Many businesses share a common problem, extreme openness.
This causes a huge amount of headaches. But for many startups, it makes sense. As their business grows, so too does their employees. It allows them to simply add another desk and computer into a large space and you’re set to go.
Before the 1950s open-plan offices were just large rows of desks where technicians perform repetitive tasks all day. Such designs were rooted in the work of people like Henry Ford, whose ideas are based on creating efficiencies.
In the 1950s a german team named QuickBorner decided to add a few potted plants and a bit of geometry to large open spaces, creating what we know infamously today as the open plan office space.
But that is enough of the history lesson.
Since then, open plan offices have skyrocketed. From large advertising agencies to call centers, everyone wanted a piece of the pie. By removing walls people hoped that things like productivity and creativity would go through the roof. The idea was that employees would interact more and all that other good stuff.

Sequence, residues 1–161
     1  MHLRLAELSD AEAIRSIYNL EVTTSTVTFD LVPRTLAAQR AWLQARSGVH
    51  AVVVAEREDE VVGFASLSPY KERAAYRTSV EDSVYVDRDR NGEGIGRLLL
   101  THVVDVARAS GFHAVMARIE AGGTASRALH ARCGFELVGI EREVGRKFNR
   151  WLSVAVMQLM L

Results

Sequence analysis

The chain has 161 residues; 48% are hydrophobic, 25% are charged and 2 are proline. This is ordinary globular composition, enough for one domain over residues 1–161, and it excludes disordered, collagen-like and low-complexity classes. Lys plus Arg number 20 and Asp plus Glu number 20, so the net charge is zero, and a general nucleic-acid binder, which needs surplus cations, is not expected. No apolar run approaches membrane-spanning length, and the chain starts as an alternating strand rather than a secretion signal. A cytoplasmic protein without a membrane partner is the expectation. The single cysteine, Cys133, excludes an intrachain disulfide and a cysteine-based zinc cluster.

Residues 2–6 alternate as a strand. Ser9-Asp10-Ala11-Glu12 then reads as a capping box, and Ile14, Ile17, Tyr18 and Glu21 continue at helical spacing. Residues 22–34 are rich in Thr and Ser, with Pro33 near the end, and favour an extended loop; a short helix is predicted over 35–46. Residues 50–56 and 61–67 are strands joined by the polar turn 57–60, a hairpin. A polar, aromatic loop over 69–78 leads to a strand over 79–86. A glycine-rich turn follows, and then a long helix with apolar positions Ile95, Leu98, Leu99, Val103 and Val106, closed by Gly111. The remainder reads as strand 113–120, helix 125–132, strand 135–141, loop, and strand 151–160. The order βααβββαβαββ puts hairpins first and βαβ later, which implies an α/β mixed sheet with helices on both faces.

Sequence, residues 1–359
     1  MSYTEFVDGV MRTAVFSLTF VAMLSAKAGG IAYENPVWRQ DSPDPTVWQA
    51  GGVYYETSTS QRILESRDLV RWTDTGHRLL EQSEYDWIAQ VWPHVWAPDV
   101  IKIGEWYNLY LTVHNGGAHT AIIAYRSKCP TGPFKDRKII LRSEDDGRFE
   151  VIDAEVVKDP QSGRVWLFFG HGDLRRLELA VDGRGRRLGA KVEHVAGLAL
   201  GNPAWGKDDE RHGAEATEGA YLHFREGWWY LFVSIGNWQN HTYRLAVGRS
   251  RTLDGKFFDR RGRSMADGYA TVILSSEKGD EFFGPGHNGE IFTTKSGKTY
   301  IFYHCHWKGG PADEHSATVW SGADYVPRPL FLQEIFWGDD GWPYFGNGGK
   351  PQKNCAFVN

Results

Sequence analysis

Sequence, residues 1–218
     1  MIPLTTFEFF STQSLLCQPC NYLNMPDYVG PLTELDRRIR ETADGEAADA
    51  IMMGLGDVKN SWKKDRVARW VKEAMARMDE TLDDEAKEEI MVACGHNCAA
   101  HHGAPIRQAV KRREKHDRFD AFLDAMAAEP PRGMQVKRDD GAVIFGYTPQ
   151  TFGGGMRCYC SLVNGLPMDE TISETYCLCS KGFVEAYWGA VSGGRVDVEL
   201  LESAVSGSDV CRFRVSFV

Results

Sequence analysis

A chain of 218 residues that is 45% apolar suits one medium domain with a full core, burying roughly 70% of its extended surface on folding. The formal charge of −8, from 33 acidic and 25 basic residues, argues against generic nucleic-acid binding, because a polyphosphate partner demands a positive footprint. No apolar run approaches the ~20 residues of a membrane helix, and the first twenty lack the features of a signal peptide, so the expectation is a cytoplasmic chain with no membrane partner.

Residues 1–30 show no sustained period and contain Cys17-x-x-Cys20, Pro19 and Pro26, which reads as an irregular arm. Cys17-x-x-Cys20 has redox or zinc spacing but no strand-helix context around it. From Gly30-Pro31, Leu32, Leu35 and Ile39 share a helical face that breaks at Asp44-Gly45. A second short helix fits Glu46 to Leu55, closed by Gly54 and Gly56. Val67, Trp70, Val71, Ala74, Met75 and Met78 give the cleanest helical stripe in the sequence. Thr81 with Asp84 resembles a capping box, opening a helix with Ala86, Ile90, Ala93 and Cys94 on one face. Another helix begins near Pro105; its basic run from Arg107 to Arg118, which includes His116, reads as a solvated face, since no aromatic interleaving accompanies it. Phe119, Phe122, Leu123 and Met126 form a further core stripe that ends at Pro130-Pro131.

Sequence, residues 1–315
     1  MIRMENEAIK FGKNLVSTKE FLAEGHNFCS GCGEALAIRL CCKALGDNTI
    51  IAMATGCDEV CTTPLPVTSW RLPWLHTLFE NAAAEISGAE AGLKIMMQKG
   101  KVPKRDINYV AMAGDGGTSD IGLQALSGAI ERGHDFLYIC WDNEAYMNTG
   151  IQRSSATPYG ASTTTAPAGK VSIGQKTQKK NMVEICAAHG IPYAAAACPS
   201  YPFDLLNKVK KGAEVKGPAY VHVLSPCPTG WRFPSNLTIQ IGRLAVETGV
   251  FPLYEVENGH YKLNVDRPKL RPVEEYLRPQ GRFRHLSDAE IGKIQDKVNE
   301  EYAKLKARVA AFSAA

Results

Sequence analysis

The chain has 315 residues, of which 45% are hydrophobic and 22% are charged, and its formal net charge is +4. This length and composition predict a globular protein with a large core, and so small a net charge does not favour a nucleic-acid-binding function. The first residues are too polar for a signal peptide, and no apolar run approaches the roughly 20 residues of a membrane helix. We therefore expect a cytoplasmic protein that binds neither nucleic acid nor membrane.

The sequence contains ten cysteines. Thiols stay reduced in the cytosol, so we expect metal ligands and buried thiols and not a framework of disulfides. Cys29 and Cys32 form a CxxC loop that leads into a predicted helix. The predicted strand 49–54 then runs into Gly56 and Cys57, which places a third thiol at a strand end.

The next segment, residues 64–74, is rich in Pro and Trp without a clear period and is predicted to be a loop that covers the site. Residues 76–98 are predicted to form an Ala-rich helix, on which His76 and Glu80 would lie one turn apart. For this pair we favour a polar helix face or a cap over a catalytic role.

It turns out the reality hasn’t quite matched the hype.
We have all seen the countless articles referencing the research on the negative effects of the open plan office. Employees were complaining that it was too noisy to concentrate. And when employees can’t concentrate they tend to communicate less.
The ability to concentrate on one task without any interruption is the absolute foundation for effective work. An open plan doesn’t always equal collaboration.
A Harvard study showed that people working in the open office had fewer conversations and used email and text a lot more. The study showed a few statistics but didn’t go into too much detail about why we saw these types of things happen. The gist of it is people don’t want to disturb their colleagues so they end up emailing more.
“collaboration” is corporate-speak rather than science” Leigh from Inc.com
Distraction makes it hard for workers to concentrate resulting in stress and mistakes that undermine performance and increases burnout.